The financial regulator of the United Arab Emirates, the Securities and Commodities Authority (SCA) has issued a warning of the risks of initial coin offerings (ICO), as well as on similar fundraising undertakings like initial token offerings, token presale, or token crowdsales.
In its circular, the SCA notes that the ICOs are highly speculative and highly volatile and most of them are not regulated, hence can be a fraud.
Similarly to many other regulators, who have warned, or outright banned ICOs (China and South Korea), the UAE regulator notes that many of those ICOs are issued abroad and tracking and recovering funds may be impossible, in case of a collapse of the offering of fraud. Additionally, there may be no liquidity on the secondary market of the tokens and many investors are unaware of the risks, costs and expected returns. The SCA also warns that often the information provided in the ICO white papers is incomplete, unaudited and misleading, by, for example emphasizing the potential benefits and not mentioning risks.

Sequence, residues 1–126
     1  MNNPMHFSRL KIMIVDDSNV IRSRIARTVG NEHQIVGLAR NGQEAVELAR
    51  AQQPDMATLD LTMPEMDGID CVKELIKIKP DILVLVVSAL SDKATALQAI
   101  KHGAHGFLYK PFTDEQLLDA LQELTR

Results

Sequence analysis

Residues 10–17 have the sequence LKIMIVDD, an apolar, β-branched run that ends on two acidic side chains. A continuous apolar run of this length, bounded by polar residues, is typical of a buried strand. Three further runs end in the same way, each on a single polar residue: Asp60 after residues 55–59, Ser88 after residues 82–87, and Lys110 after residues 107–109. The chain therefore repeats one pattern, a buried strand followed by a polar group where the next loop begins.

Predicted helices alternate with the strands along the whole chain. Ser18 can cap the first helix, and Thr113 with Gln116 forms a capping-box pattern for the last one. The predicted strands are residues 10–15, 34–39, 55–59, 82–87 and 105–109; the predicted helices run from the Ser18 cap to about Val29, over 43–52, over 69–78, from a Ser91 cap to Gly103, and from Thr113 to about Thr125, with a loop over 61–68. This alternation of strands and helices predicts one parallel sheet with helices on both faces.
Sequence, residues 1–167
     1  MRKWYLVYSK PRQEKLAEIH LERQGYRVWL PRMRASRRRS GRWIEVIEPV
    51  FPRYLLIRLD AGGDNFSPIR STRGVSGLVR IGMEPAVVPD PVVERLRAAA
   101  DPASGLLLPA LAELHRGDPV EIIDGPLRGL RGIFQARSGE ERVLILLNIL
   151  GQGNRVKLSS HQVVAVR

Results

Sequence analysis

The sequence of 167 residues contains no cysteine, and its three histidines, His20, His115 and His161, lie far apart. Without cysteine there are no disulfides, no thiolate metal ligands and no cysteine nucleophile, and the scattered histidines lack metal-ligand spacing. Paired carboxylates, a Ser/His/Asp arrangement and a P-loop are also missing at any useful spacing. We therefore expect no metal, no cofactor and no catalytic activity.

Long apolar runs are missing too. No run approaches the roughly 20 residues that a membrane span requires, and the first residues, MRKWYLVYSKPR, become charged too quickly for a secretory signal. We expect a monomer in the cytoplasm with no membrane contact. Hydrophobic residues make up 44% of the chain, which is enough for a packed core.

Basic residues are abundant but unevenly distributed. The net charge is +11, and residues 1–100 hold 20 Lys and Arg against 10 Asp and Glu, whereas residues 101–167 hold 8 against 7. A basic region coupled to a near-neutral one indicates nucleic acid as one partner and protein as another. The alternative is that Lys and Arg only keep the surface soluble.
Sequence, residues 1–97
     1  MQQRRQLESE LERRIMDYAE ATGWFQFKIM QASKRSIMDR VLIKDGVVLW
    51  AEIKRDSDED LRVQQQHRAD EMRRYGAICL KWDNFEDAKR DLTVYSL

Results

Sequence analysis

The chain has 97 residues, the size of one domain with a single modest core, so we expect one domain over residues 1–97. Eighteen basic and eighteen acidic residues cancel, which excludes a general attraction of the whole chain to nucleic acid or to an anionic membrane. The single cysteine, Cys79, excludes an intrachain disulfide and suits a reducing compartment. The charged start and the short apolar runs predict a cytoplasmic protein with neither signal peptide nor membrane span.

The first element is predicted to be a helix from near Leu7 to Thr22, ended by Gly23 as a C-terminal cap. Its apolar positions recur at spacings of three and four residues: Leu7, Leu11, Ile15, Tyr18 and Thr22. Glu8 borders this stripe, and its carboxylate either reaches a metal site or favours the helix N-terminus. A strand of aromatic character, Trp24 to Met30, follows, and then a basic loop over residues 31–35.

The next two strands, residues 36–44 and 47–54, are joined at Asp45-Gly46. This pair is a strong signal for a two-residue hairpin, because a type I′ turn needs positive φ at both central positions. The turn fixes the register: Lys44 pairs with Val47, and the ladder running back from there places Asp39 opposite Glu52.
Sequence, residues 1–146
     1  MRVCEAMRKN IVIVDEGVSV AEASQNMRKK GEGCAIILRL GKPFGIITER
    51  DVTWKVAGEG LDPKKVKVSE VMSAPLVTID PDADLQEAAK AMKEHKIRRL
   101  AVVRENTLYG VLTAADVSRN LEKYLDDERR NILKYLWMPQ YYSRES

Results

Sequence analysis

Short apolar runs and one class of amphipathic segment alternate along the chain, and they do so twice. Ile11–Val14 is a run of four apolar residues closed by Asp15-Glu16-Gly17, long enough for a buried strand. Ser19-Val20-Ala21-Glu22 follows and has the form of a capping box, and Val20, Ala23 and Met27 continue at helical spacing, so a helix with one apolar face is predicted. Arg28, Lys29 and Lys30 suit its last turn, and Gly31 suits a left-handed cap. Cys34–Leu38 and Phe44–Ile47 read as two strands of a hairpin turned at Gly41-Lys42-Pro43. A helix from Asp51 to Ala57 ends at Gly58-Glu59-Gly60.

SCA also said that it “does not recognize, regulate, or supervise any ICO presently and that ICO investments are not offered legal or regulatory protection. It said that investors involved in ICO investments are doing so at their own risk.”
UAE’s SCA is yet another financial markets watchdog to warn of the risks of ICOs. Others that did so are Singapore’s MAS, the US SEC, ESMA, UK’s FCA, Germany’s BaFin, to name a few.